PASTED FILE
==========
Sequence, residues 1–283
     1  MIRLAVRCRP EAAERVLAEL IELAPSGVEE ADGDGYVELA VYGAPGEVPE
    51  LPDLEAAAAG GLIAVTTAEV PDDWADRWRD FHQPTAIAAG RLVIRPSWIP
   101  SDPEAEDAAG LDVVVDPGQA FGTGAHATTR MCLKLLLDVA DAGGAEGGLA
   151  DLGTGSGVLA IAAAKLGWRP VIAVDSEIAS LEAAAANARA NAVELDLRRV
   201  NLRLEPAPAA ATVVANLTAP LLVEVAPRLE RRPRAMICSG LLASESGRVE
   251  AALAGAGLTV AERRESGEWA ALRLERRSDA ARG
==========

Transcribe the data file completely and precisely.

Sequence, residues 1–283
     1  MIRLAVRCRP EAAERVLAEL IELAPSGVEE ADGDGYVELA VYGAPGEVPE
    51  LPDLEAAAAG GLIAVTTAEV PDDWADRWRD FHQPTAIAAG RLVIRPSWIP
   101  SDPEAEDAAG LDVVVDPGQA FGTGAHATTR MCLKLLLDVA DAGGAEGGLA
   151  DLGTGSGVLA IAAAKLGWRP VIAVDSEIAS LEAAAANARA NAVELDLRRV
   201  NLRLEPAPAA ATVVANLTAP LLVEVAPRLE RRPRAMICSG LLASESGRVE
   251  AALAGAGLTV AERRESGEWA ALRLERRSDA ARG